He's too pale for this job, Karen thinks, and it's her first thought about him.
The man that swings down from the lifeguard post is lanky and lean, his sun-dyed hair a mess atop his head. As he approaches, she sees that beneath his visor his skin is red and peeling, covering a mass of freckles. Despite all this, the areas of his face that are not sunburned are still pale, contrasting with the dark brown of his shoulders (that, she sees, have just recently finished peeling, based on the loose skin still on his neck). She finds trouble meeting his eyes.
"Hello, officer," he greets, his teeth flashing white as he bares them in a crooked smile. "How can I help you?"
He's so much taller than her that she has to look up at him, and he's standing in just the right position to make the sun bore into her eyes. She takes a step to the side so his head casts a shadow and scowls at his chuckling face. "Sergeant Dunlap, SBPD," she introduces herself, ignoring his offered hand. "We got a call about some suspicious lurkers down here?"
"Ah, of course. It's a long story, Sergeant."
"Well, make it snappy," she urges. "I've got a few other stops on my shift."
He brushes off her callous demeanor with another of his sideways smiles, and she resists the urge to roll her eyes. "I'll see what I can do. I was at my desk job going through a case one morning when my coworker called about some suspicious guy lurking around, but I told him not to think anything of it. I was on duty the next day and saw someone like he'd described wandering near the beachfront, and I noticed it was around the same time my buddy called me the day before. So we kept some tabs out, got some of the other lifeguards in on it, and we realized that someone's been showing up every day for the past few days at the same time to watch."
The man shrugs, and Karen frowns, pondering his story. Desk job is the thing she finds most odd about this story, because this man doesn't look like he could be out of high school despite the ginger stubble on his defined jaw, and case makes her think he's a detective or a lawyer or something. She shakes her head, getting her attention back on the case. "Right. Lurker shows up same time every day. Did he do anything?"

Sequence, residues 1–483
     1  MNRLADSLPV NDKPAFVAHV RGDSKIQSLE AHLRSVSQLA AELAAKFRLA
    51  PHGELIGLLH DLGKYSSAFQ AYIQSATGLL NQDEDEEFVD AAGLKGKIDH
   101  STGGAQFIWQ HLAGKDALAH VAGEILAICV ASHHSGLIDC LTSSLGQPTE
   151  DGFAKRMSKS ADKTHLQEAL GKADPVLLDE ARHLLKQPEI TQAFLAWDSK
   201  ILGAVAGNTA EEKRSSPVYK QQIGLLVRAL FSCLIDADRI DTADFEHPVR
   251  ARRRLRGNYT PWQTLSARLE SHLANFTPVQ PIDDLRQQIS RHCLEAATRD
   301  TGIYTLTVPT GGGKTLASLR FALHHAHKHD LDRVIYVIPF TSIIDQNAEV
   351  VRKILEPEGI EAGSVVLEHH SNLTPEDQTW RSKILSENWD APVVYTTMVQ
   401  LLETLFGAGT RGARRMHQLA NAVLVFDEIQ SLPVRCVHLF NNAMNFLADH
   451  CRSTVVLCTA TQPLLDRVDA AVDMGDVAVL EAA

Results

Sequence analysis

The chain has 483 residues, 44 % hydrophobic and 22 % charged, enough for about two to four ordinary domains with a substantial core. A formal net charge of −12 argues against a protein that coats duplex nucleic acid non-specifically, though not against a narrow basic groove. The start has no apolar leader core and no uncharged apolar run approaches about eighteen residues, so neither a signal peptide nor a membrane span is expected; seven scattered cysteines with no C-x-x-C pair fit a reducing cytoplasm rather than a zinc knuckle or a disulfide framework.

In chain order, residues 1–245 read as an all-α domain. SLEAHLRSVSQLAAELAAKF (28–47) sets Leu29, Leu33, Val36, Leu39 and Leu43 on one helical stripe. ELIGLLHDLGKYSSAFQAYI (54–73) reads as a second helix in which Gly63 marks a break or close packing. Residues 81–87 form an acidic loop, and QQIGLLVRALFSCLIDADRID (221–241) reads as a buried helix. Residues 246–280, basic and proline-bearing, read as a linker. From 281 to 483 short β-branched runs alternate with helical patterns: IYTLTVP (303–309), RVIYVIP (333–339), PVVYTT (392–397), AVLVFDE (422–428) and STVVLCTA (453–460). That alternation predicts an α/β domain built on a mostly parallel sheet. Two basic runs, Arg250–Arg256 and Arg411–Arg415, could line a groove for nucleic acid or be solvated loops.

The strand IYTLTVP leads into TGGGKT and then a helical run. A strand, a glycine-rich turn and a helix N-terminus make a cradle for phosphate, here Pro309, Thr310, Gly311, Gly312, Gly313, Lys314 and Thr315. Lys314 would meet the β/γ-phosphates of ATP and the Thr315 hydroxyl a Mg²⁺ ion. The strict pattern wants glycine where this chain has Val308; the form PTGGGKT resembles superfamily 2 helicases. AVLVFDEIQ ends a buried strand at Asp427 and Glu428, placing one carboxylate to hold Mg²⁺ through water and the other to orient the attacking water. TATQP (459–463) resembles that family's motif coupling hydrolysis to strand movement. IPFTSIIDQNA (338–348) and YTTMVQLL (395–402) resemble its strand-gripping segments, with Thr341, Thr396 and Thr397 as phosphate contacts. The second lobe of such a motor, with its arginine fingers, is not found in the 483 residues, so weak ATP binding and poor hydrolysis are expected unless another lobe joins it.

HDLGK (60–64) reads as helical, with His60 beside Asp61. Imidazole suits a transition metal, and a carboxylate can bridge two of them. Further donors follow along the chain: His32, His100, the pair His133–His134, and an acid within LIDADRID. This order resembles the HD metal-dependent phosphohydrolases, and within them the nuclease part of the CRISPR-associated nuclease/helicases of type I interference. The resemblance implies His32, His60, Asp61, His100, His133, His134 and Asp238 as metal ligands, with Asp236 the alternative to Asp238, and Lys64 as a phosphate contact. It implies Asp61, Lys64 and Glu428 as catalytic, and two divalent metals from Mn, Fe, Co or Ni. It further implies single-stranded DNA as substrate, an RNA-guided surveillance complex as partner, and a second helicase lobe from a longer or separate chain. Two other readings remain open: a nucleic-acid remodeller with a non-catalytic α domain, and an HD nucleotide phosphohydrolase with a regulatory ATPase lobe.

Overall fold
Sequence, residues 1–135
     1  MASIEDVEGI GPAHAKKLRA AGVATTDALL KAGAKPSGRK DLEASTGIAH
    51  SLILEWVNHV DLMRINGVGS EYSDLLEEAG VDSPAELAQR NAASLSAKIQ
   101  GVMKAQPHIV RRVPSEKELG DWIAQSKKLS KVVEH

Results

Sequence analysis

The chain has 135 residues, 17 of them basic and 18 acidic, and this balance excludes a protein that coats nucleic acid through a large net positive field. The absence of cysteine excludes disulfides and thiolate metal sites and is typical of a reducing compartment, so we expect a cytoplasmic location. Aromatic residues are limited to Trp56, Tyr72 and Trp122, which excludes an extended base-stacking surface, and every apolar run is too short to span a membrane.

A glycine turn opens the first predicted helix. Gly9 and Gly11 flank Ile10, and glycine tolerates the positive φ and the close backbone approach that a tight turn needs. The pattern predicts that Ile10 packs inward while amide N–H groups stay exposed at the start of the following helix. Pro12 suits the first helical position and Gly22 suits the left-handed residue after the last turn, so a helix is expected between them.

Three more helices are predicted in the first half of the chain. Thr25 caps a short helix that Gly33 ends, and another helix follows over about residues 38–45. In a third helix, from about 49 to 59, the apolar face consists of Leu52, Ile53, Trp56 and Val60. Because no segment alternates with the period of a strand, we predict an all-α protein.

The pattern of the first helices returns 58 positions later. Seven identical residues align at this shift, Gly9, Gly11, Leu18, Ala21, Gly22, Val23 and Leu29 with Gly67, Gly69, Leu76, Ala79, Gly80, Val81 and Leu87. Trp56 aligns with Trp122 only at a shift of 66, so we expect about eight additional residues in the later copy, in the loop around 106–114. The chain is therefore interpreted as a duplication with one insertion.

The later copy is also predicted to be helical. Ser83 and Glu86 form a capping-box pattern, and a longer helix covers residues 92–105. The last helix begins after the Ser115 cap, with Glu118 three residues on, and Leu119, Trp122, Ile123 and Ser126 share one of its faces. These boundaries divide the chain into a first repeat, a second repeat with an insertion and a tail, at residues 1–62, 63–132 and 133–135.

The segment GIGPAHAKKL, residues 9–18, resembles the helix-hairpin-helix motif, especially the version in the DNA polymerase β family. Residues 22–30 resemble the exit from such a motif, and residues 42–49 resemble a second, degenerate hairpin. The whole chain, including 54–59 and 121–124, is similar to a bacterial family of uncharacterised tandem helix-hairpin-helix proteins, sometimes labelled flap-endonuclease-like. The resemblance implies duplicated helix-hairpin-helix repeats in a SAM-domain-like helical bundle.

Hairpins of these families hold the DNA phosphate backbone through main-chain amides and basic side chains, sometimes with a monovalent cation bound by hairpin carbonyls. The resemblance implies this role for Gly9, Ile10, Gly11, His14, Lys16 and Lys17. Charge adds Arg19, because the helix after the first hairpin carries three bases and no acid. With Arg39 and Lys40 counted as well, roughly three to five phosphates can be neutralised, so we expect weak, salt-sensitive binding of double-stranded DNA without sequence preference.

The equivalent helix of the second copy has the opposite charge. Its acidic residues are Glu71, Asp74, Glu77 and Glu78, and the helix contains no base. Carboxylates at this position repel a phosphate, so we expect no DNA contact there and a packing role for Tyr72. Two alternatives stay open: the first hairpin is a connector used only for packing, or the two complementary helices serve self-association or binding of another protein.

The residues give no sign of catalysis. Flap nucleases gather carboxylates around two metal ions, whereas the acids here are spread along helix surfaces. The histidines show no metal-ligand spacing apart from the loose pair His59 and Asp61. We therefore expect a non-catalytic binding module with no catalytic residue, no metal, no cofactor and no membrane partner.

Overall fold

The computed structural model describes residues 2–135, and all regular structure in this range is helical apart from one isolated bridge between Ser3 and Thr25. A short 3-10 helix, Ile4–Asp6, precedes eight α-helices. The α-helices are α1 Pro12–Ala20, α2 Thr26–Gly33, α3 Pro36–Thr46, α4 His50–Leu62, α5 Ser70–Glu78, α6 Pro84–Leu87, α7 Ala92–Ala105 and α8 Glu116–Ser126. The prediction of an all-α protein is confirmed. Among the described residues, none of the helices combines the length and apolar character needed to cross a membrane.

"Well, no," he admits, scratching the back of his neck. "But I realized that I recognized the guy from the warnings out about the suspect who snatched that girl a few weeks back."
Karen's gut tightens. "Go on."
"I called the police department after four days, and, well, here you are." He gestures at her and, again, smiles. She's beginning to think that's his automatic response to everything. "I think the squad car might scare him away, though."
On instinct, she glances back at her cruiser, which is in desperate need of a wash after a pursuit on a dirt road. It would definitely scare away a kidnapper, she admits to herself. "What would you suggest then?"
He shrugs. "I can't tell you what to do, miss."
"Sergeant," she corrects, and he ignores her.
"I'd talk to your boss about it, maybe come down here incognito?" He shrugs again. "That's just what I'd recommend."
She hesitates, but reaches for her radio. Before she calls this in, she gives him a wary glance. "Would you be here tomorrow?"
The man laughs, and when he moves, the sun slides past him, getting in her eyes. She's glaring at him, barely able to see. "Yes, I will, Sergeant," he informs her. "And if you'll stop by again, that'd be lovely. It's the only other day my firm gives me off. Pearson-Specter, up in Goleta. They run a tight ship up there and I'm glad they let me keep this job."
"You work for a law firm?" The disbelief in her voice is evident, and she sheepishly clears her throat. "I mean, why do you keep working here?"
He kicks a rock at his feet with a sandaled foot. "I love the beach, really. And the kids. They're so good to me here, it'd be so hard to leave." And this time, when he smiles at her, she thinks it's genuine for the first time. "And it sorta helps to pay for my master's. That too."
They just look at each other for a while, Karen's hand still on her radio, his thumbs hooked into the elastic band on his trunks. Karen eventually clears her throat, taking the radio from its holster. "I'll call this in. It's a lot more serious than we think, apparently. I'll see you around."
It isn't until she's back at the department that she realizes she never got his name.
The next day, she pulls up to the beachfront in a department-loaned silver sedan. She's in her civvies, but her firearm and badge are in her purse. She takes care to park the car in the shade, away from the other undercover officers who would be with her.
Hair braided over one shoulder, she steps into the sand feeling anxious. Karen knocks on the wood of the lifeguard stand, and the familiar face of the lifeguard whips around, his nose still peeling, his smile still crooked.
"Hey! You made it!" He moves down a few steps and leans into the sun.
"I'm just here on patrol," she says smoothly, and he still offers his hand to her.
"Come on up, then." He gestures with his fingers. "It's cooler up here, and you'll see more."
In the sun, his eyes light up amber and she can see how his hair has been bleached over the summer by the sunlight. She looks into his eyes rather than at his sunburn, but still doesn't reach for his hand.
"Sorry, but I don't think I ever got your name."
He smiles, and she knows when he's older he's going to have smile lines everywhere. "Richard Vick, future lawyer," he says finally. "You can call me anything except Dick."